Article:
Exercise can help ward off dementia for women – while men need more brain training

Exercise can help you avoid dementia — but only if for woman, a new study finds.

Researchers at the University of California, San Diego (UCSD) found that data showing that taking a brisk walk, cycling or even playing golf can help avoid mental decline in old age could only be applicable to women.

They believe that this may be because of the ‘type’ of exercise people engage in, with older women more likely to take part in group exercises that their male counterparts.

Cognitive exercise is valuable for all, researchers found, with both sexes able to slow aging by up to 13 years by taking part in mental activities including reading, playing bingo and attending classes.

Scientists at the University of California, San Diego, found women who exercised could ward off brain decline by two years and nine months. The same was not observed in men (stock)

‘We found greater physical activity was associated with greater thinking speed reserve in women, but not in men,’ Dr Judy Pa, neuroscientist at UCSD who led the study, said.

‘As we have arguably few-to-no effective treatments for Alzheimer’s disease, prevention is crucial. An ounce is worth a pound of treatment.

‘To know that people could potentially improve their cognitive reserve by taking simple steps such as going to classes at the community center, playing bingo with their friends or spending more time walking or gardening is very exciting.’

In the study — published Wednesday in the journal Neurology — scientists evaluated the mental capacity of 758 people who were around 76 years old.


Alzheimer’s disease is a progressive, degenerative disease of the brain, in which build-up of abnormal proteins causes nerve cells to die.

This disrupts the transmitters that carry messages, and causes the brain to shrink.

It affects some 920,000 people in the UK — a figure set to rise to 2million by 2050.


As brain cells die, the functions they provide are lost.

That includes memory, orientation and the ability to think and reason.

The progress of the disease is slow and gradual.

On average, patients live five to seven years after diagnosis, but some may live for ten to 15 years.

Some had no thinking or memory problems, some had mild cognitive impairment, and others had dementia.

To measure mental activity, participants were given one point for whether they read magazines, books or newspapers; went to classes; and played card games over the past 13 months.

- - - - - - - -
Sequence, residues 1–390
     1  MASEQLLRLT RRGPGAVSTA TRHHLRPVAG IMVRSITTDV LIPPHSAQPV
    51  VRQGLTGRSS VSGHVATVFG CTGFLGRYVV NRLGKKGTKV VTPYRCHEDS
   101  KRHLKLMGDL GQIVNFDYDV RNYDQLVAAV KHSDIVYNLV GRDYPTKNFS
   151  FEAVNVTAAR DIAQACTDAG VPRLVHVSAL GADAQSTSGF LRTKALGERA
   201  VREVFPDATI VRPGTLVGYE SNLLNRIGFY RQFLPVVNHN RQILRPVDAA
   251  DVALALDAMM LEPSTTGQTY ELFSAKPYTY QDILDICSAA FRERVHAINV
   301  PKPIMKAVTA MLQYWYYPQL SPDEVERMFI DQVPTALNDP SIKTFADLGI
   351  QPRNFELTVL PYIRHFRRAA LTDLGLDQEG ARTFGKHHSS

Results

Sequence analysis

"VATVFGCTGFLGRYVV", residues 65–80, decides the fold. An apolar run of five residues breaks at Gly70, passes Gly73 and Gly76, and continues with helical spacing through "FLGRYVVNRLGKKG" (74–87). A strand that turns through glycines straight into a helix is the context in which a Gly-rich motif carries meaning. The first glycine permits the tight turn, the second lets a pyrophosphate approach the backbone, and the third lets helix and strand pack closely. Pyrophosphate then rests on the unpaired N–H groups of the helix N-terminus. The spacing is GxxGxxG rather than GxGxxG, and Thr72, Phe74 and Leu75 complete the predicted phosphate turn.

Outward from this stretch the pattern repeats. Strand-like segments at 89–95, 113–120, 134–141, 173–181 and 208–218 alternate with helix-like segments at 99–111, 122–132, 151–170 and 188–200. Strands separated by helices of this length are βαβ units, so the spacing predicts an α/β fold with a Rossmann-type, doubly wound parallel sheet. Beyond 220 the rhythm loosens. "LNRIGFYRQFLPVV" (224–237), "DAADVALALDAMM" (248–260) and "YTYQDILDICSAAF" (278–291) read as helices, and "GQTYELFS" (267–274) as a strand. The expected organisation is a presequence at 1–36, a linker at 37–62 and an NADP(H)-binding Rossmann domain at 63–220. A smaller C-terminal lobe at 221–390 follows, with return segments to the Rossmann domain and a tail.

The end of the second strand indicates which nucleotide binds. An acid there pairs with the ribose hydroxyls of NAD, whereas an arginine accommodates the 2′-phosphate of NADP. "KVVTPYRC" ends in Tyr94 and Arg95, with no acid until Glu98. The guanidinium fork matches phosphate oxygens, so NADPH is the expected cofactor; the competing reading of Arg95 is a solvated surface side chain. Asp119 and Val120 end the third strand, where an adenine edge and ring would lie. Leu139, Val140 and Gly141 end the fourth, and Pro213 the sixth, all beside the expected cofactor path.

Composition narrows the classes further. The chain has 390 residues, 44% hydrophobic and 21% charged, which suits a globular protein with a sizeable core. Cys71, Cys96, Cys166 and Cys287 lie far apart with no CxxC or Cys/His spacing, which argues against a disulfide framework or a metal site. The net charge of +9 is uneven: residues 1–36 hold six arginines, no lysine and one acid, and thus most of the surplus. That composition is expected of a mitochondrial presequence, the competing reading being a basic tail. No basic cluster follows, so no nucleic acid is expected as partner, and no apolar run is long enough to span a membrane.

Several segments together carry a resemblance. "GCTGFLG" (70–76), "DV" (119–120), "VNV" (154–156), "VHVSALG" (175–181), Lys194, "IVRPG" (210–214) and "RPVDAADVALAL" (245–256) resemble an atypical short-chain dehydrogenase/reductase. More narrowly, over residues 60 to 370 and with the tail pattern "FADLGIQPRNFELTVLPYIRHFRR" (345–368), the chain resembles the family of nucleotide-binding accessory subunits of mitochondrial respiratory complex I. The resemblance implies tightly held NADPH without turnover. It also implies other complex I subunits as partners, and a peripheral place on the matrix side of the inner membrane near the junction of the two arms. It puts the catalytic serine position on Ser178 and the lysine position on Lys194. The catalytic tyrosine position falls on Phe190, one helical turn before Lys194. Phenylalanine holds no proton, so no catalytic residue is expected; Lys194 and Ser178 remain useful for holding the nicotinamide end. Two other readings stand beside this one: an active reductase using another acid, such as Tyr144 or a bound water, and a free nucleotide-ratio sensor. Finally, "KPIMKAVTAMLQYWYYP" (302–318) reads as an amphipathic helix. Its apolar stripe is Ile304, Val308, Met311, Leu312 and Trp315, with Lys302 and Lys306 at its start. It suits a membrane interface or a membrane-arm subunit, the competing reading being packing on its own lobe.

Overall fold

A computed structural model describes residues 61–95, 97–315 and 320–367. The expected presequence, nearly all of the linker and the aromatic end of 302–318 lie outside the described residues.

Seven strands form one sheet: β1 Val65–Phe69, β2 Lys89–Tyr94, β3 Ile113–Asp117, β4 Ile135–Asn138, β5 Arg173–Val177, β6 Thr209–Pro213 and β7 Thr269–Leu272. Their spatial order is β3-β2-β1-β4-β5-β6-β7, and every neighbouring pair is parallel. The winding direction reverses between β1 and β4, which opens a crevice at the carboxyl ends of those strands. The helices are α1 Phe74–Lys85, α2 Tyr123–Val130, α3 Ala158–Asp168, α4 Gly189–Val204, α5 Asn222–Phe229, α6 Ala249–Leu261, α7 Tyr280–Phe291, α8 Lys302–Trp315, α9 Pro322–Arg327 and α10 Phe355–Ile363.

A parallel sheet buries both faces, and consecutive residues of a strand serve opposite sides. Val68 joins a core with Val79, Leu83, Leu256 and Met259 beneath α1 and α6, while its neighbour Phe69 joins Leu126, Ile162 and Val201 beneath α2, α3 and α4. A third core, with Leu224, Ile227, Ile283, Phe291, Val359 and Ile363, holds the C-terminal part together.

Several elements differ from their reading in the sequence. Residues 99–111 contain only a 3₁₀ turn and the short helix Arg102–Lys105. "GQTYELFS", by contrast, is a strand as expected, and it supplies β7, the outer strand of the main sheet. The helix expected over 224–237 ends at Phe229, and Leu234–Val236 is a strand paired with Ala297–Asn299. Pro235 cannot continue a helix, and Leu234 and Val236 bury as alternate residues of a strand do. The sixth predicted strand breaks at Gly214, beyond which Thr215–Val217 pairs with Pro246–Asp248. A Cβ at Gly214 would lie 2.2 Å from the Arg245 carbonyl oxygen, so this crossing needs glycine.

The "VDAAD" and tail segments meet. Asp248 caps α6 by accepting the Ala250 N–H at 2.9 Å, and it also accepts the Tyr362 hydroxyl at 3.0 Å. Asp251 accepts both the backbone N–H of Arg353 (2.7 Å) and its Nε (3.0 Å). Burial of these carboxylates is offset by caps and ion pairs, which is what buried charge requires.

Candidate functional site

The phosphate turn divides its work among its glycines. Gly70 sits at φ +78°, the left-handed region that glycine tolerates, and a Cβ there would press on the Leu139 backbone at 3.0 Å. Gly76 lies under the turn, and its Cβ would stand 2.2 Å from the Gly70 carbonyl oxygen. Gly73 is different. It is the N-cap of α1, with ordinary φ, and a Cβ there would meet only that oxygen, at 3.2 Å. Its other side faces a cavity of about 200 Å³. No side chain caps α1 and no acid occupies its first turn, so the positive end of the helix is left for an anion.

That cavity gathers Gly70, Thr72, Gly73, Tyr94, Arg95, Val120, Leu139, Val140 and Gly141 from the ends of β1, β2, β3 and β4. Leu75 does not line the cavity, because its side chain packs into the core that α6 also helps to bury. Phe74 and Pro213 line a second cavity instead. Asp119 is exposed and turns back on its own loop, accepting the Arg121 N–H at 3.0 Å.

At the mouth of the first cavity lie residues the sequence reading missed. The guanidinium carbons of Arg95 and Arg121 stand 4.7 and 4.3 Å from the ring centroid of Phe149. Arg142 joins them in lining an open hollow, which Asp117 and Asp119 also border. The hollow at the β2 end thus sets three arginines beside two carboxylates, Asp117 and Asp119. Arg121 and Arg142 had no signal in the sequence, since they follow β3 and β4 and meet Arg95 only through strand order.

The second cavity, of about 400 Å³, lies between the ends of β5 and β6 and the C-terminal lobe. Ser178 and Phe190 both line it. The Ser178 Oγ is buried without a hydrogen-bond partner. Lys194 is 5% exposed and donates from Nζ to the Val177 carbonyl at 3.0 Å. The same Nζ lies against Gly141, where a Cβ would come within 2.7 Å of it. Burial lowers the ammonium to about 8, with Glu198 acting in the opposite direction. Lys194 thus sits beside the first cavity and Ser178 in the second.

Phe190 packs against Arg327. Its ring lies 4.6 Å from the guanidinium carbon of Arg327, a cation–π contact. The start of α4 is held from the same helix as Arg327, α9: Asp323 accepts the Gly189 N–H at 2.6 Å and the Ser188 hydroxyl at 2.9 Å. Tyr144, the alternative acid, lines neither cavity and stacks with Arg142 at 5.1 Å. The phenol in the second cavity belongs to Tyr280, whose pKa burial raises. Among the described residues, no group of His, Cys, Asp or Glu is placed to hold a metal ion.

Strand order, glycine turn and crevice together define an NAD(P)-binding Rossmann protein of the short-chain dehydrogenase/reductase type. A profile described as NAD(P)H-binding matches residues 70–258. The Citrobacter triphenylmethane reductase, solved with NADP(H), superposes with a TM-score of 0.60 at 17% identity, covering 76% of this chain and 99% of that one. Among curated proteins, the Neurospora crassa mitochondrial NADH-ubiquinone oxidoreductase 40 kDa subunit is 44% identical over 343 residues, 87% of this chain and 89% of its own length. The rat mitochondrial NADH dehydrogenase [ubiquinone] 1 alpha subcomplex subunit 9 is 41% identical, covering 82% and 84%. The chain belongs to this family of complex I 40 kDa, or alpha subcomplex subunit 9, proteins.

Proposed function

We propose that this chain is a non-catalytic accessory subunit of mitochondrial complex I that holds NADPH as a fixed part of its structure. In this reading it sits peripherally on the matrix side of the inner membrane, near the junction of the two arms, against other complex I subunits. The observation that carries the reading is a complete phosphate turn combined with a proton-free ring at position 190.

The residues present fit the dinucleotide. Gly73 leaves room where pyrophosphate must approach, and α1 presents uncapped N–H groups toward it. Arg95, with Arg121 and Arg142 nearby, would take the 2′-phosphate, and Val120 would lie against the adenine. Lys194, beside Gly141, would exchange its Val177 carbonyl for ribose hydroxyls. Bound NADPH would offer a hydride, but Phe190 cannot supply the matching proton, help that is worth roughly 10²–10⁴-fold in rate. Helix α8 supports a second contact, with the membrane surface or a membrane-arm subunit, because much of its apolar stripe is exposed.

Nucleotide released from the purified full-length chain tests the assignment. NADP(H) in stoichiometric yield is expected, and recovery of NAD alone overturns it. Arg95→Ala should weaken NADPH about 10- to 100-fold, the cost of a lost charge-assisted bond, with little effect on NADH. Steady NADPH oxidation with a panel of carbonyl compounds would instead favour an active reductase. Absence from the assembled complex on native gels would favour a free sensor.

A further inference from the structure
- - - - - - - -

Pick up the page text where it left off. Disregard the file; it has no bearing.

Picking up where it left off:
And to measure physical activity they were interviewed about what exercise they took part in each week. 

They scored about 1.4 points on average, and undertook activity that elevated their heart rate for about 15 minutes each week. 

Participants then had brain scans and underwent thinking and memory speed test to evaluate their cognitive reserve — the buffer the brain generates to cover up decline.

Results showed women who exercised more saw a protective effect on their brains that was not seen in men who also exercised more.

Explaining the results, scientists wrote in the paper: ‘The sex-specific results… may be related to the types of activities women vs. men engaged in.

‘Although no differences were observed for card playing and reading behaviors by sex, women did report higher levels of group-based classes than men.

‘Contrary to card play and reading activities, group-based classes inherently encompass a social component that may differentially engage cognitive abilities.’

Limitations in the study included that it was focused on north Manhattan, New York, meaning it excluded people in rural areas.

About two-thirds of participants were also female, while the rest were men.

It also did not measure societal and structural factors, which the scientists said were ‘major determinants’ of mental capacity.

They said more studies were needed to determine whether exercise had a more preventative effect against dementia in women only.

The Centers for Disease Control and Prevention says regular exercise can reduce a person’s risk of developing dementia.

It advises all adults should get about 150 minutes of moderate intensity exercise — such as a bike ride or brisk walk — every week to boost brain health.

One paper published in December last year by researchers at the Queensland Brain Institute, Australia, found there may be an exercise ‘sweet spot’ for slowing cognitive decline.

A second from researchers at the University of California suggested daily power walking or riding a bike could cut someone’s risk of developing Alzheimer’s.

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